For two to three hours, Ralph stayed there in case matters got worse. If they did, he would have had to have phoned for more help.

But it never became necessary and one overriding memory was the incredible efforts of everyone who came to the Anne’s aid, said Ralph.

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A lifeboat and helicopter were on the scene and performed heroics.

"Everyone involved should have got a medal, " said Ralph.

He remembered how the helicopter was kept perfectly steady in the storm force conditions. "The pilot displayed great skill in hovering 30ft above the boat."

Salvage attempts continued for two weeks and on one occasion, a tug tried to pull the ship free using a 10ins thick rope only for the line to snap twice.

Tees Towing was called in to run the salvage operation but, despite their expertise, attempts to re-float Anne on November 13 proved problematic.

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Further attempts using 10ins thick wire also failed to shift the Anne, which suffered further damage to her hull during the failed rescue.

"The salvage team stayed on board throughout the night, working round the clock to plug leaking holes in the ship’s side, " reported the Mail.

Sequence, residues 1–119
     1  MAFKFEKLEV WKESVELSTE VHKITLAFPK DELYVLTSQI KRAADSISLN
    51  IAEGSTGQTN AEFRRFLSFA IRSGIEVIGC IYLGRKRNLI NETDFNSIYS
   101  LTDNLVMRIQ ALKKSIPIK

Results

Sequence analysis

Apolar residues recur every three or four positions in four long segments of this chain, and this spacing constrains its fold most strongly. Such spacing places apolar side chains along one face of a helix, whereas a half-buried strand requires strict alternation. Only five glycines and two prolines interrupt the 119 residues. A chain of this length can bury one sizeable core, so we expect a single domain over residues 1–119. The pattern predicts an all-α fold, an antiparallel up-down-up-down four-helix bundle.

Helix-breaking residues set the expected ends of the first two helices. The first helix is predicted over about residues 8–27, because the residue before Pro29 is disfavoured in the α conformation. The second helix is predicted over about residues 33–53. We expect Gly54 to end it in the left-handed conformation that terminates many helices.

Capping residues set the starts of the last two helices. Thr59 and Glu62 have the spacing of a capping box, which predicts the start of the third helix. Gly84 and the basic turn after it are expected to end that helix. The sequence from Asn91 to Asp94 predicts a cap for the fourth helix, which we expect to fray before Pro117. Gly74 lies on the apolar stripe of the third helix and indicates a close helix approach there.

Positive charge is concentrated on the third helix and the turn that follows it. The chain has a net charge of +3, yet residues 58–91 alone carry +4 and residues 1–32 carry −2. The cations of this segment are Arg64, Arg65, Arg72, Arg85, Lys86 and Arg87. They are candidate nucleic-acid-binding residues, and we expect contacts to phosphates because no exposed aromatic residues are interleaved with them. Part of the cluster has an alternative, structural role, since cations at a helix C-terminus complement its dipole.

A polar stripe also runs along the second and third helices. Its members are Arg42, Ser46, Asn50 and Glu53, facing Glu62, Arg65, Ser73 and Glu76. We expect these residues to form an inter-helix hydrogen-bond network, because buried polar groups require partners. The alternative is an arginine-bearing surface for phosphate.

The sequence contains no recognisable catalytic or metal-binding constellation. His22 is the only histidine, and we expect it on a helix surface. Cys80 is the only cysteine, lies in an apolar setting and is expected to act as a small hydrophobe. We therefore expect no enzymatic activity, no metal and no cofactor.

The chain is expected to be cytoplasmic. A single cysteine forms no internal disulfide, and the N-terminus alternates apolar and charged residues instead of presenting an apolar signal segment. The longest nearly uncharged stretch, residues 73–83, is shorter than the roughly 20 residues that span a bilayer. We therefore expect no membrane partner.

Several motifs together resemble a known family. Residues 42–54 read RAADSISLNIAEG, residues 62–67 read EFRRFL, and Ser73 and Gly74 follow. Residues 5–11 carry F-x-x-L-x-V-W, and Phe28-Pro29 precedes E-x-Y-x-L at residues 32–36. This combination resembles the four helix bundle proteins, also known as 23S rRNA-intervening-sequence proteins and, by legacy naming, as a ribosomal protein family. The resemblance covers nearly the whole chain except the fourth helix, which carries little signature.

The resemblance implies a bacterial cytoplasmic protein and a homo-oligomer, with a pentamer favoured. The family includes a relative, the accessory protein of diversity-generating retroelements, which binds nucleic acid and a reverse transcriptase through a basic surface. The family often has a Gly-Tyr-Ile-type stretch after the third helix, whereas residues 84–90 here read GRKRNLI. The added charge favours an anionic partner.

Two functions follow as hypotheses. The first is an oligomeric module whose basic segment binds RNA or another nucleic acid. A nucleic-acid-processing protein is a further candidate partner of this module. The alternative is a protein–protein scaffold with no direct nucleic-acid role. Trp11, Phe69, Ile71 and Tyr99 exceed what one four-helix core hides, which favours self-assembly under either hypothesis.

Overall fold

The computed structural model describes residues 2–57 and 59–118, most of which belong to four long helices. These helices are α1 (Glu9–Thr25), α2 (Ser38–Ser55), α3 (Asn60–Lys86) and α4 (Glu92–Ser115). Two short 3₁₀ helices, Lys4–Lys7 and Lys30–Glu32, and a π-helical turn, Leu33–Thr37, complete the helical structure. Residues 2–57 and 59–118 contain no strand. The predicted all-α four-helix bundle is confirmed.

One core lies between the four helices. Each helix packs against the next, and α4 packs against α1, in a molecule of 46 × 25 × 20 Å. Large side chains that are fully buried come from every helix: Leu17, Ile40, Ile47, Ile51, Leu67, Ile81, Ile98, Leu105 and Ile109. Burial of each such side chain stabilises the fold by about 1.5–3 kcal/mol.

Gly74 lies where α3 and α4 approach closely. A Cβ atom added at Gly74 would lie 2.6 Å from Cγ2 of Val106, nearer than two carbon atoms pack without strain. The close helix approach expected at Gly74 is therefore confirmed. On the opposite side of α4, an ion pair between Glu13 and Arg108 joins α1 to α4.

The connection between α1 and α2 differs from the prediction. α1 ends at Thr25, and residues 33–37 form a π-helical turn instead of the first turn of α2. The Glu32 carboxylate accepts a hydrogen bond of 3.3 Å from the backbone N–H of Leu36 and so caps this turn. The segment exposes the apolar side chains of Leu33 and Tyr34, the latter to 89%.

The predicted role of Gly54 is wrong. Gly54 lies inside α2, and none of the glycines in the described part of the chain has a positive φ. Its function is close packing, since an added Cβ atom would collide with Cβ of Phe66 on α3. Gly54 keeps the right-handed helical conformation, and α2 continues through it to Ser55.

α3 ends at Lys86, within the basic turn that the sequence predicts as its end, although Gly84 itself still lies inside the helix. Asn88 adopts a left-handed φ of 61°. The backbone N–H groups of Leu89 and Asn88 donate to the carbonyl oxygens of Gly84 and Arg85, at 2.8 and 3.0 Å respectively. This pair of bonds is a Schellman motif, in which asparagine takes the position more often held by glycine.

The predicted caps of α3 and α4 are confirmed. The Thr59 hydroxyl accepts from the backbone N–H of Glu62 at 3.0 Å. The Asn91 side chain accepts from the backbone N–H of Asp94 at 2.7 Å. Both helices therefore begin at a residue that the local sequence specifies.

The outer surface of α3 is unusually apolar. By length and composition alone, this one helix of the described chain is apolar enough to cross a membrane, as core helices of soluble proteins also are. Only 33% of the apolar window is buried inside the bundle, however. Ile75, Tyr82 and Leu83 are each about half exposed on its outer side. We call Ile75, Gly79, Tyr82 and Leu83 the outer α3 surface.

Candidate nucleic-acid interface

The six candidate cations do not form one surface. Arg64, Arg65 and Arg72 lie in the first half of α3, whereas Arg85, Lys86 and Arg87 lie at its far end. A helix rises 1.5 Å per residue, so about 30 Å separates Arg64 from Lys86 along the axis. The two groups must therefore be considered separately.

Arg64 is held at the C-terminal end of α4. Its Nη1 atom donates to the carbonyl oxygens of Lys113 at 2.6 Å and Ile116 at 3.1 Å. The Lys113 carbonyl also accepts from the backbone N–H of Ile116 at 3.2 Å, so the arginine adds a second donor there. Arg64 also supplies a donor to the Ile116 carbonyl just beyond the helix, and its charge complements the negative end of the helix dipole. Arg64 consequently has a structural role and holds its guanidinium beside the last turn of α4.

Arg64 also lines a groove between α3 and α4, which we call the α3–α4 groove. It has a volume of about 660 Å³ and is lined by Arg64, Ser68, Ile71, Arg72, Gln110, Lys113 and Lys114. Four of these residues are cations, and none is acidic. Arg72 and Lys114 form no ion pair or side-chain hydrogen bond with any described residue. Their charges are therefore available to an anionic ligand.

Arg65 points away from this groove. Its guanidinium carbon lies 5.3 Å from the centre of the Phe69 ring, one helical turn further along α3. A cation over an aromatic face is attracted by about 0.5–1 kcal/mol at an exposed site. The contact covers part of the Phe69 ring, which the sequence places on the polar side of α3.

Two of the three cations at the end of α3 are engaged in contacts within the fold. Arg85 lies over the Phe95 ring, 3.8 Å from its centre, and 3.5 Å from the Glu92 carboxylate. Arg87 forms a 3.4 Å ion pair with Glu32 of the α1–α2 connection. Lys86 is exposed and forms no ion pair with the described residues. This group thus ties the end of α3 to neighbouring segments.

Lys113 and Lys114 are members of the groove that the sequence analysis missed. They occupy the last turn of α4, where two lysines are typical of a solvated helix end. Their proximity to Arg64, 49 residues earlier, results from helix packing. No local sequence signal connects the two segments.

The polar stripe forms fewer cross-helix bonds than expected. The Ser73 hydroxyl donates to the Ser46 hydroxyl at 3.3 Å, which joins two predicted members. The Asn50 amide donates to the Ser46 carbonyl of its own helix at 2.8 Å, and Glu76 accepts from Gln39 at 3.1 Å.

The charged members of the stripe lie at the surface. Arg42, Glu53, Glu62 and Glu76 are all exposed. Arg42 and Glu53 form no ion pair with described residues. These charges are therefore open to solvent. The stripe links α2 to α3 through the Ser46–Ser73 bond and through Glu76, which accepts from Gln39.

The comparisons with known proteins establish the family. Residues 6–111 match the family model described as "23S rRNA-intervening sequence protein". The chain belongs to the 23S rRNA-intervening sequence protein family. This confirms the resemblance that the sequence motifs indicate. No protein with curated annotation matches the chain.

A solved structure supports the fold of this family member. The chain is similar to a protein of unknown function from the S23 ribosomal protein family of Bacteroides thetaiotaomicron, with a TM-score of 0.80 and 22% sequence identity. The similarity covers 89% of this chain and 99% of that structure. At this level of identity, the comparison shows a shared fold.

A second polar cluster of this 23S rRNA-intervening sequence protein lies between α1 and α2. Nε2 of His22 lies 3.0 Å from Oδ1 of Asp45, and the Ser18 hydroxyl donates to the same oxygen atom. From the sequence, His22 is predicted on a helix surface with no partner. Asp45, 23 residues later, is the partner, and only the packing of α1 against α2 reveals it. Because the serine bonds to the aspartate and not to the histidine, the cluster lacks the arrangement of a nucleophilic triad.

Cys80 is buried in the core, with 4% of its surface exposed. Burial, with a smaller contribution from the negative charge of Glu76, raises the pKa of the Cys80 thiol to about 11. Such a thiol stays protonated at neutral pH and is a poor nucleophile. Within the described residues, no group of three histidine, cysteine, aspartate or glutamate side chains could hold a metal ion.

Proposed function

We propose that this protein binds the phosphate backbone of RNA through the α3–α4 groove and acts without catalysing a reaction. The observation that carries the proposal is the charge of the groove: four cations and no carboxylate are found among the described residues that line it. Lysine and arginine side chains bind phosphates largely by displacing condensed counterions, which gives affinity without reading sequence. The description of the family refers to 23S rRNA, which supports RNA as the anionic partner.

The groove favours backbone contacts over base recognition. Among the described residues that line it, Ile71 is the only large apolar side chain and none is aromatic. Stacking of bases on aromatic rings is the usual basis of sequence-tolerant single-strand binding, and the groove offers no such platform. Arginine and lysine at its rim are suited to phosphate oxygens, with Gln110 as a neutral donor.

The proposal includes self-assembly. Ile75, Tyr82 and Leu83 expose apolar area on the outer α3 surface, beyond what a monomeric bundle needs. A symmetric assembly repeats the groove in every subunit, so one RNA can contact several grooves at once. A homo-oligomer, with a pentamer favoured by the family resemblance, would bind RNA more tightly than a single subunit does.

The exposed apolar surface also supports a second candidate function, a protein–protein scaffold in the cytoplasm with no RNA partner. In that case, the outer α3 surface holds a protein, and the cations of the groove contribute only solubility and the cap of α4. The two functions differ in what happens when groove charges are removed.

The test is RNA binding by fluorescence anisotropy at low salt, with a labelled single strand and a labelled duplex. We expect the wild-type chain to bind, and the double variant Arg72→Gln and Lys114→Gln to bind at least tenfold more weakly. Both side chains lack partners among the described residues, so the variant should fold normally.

Finally, after repairs had been made and the coke for Steetley Magnesite unloaded, Anne was eventually refloated at high tide on November 27.

Even then, its misfortune continued - when she developed a gaping hole in her side while still two miles from dry dock at Sunderland.

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Anne eventually returned to Holland the following month, and paid a far more routine visit to Hartlepool in 1992 after being sold and renamed The Dina Jacoba.

But what are your memories of the ship that stayed at Seaton Carew? Did you go to see her?

Were you one of the Jesmond Road Schoolchildren who made a card for the captain? Did you take photos or cine footage of the dramatic scenes?

We would love to hear from you. Get in touch and share your memories by emailing [email protected]